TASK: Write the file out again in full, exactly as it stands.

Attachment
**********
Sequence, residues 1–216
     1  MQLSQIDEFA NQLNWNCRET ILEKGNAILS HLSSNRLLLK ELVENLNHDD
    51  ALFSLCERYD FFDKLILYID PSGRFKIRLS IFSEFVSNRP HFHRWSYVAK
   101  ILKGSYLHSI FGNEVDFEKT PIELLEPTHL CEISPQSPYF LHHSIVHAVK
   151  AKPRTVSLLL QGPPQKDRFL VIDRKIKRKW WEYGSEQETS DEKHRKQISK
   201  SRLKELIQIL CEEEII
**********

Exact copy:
Sequence, residues 1–216
     1  MQLSQIDEFA NQLNWNCRET ILEKGNAILS HLSSNRLLLK ELVENLNHDD
    51  ALFSLCERYD FFDKLILYID PSGRFKIRLS IFSEFVSNRP HFHRWSYVAK
   101  ILKGSYLHSI FGNEVDFEKT PIELLEPTHL CEISPQSPYF LHHSIVHAVK
   151  AKPRTVSLLL QGPPQKDRFL VIDRKIKRKW WEYGSEQETS DEKHRKQISK
   201  SRLKELIQIL CEEEII